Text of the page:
Thursday, February 7, 2013

ID Trees of Winter

Honey locust or hawthorn?
Lately we have been trying to sharpen our winter tree identification skills.  Leaves not only provide us shade, they also are the main way we identify many trees and shrubs.  When the leaves leave, I have been left with the knowledge of some distinctive barks, and even that fails me in reliably separating a walnut and some hickories.

Shagbark hickory
Some trees are obvious.  Shagbark hickory has a bark easily identified by a child once they have seen it.  The sycamore can be identified at a distance by the distinctive white trunk where the bark peels away and by the seed balls hanging from the branches.  Not all trees are that distinctive, especially when young without their typical bark and fruit.

For many trees in winter, you have to identify them by their twigs and buds.  These distinctive features are present in all but the first months of leaf out and the spring growth spurt.  Identification is even more challenging when the unknown is small and could be a small tree or a shrub.  Like seeing a friend in a crowd, familiar features occasionally may pop out, letting you immediately identify a species you are familiar with.

Some young tree species have characteristics that are relatively distinctive.  Once you learn the face (twig or bud pattern) it can be yours forever (or for me as long as I can remember anything).  Features such as the presence of thorns, bark color and the shape of buds can put the plant in a group.  An example would be zig-zag twigs, which are easily identified and leads to a number of choices such as elm, sycamore, hackberry, redbud, osage orange and locust trees.  This MDC website lists twigs by a few of their distinctive characteristics.

A great place to learn some distinctive twigs and test yourself using pictures like those below is at   The picture of hawthorn thorns below on the left immediately made me think of honey locust but the twig wasn't right.  The hint to look for blood red buds in winter helps identify it as a hawthorn.  Lacking the buds, look for secondary spines off the main spine which will identify the tree on the right as a honeylocust.  I don't see red spines on our honeylocust at Bull Creek unless it is my blood.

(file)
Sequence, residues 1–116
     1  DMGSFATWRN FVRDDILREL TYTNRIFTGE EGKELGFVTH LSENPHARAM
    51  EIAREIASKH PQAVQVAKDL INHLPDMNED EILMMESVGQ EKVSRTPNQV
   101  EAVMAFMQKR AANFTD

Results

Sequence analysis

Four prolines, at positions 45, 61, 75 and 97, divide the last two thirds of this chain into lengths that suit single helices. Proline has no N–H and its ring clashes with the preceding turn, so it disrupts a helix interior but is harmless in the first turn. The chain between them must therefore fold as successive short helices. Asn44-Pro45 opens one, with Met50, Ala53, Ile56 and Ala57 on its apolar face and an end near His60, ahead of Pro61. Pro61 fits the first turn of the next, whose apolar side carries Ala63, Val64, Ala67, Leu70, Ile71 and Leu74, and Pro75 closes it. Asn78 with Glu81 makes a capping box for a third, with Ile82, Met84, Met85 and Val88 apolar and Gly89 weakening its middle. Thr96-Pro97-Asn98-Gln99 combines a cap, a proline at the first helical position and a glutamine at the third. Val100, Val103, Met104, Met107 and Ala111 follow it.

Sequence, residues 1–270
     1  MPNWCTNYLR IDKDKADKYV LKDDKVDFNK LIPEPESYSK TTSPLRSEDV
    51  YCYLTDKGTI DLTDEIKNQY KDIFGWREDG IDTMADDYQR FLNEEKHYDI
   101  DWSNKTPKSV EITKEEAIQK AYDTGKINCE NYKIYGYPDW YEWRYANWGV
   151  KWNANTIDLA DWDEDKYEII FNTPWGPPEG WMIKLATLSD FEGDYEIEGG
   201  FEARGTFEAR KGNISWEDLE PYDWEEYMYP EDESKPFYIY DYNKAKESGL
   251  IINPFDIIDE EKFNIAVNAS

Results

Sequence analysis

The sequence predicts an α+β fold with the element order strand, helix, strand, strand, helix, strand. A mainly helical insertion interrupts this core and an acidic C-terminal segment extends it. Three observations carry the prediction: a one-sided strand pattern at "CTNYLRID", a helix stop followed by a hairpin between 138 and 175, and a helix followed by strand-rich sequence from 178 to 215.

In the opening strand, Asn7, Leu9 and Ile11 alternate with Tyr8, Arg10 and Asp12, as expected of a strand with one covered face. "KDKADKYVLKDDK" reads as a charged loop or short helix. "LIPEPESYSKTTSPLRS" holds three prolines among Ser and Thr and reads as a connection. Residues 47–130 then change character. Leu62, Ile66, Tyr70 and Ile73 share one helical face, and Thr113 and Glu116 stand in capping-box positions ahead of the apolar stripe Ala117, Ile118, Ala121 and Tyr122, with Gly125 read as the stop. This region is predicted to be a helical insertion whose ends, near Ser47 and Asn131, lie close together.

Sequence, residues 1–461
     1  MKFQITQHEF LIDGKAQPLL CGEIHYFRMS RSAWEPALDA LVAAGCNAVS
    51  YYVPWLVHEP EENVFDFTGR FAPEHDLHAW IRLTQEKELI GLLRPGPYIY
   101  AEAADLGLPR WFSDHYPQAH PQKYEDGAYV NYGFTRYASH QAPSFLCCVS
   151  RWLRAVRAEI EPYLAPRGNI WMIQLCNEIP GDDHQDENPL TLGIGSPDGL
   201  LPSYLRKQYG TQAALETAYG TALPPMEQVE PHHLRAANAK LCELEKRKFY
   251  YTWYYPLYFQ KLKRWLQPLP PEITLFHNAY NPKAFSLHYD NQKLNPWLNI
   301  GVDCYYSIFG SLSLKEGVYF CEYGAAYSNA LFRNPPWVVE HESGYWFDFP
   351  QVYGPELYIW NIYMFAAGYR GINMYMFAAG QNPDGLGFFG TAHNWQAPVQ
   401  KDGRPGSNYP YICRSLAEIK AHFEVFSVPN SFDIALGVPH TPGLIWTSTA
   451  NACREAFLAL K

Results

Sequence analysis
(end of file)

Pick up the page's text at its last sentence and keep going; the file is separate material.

This is an Ailanthus altissima or Tree of Heaven twig on the left.  These twigs are easily identifiable from a distance.  You can remember this by thinking of Little Red Ridinghood- "My what big leaf scars you have... the better to cut you down to your invasive stump."  The sassafras on the right has distinctive buds, especially when combined with the bright green twig, brown bark further down and the distinctive odor when it is broken or abraded.

For most twig identification I have to turn to a key.  That will be the subject of the next blog.

Special thanks to Field Biology of Southeastern Ohio for the use of the pictures.  It is a good place to test your eye.

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